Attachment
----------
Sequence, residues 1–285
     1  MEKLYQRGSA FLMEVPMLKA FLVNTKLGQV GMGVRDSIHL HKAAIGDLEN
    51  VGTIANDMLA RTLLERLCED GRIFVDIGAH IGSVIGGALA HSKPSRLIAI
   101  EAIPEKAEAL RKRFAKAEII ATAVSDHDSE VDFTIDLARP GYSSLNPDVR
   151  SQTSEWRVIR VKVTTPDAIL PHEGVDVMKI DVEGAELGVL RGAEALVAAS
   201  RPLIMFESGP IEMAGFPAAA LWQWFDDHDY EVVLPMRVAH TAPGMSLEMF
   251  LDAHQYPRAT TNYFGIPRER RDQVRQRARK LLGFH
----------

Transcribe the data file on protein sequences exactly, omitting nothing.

Sequence, residues 1–285
     1  MEKLYQRGSA FLMEVPMLKA FLVNTKLGQV GMGVRDSIHL HKAAIGDLEN
    51  VGTIANDMLA RTLLERLCED GRIFVDIGAH IGSVIGGALA HSKPSRLIAI
   101  EAIPEKAEAL RKRFAKAEII ATAVSDHDSE VDFTIDLARP GYSSLNPDVR
   151  SQTSEWRVIR VKVTTPDAIL PHEGVDVMKI DVEGAELGVL RGAEALVAAS
   201  RPLIMFESGP IEMAGFPAAA LWQWFDDHDY EVVLPMRVAH TAPGMSLEMF
   251  LDAHQYPRAT TNYFGIPRER RDQVRQRARK LLGFH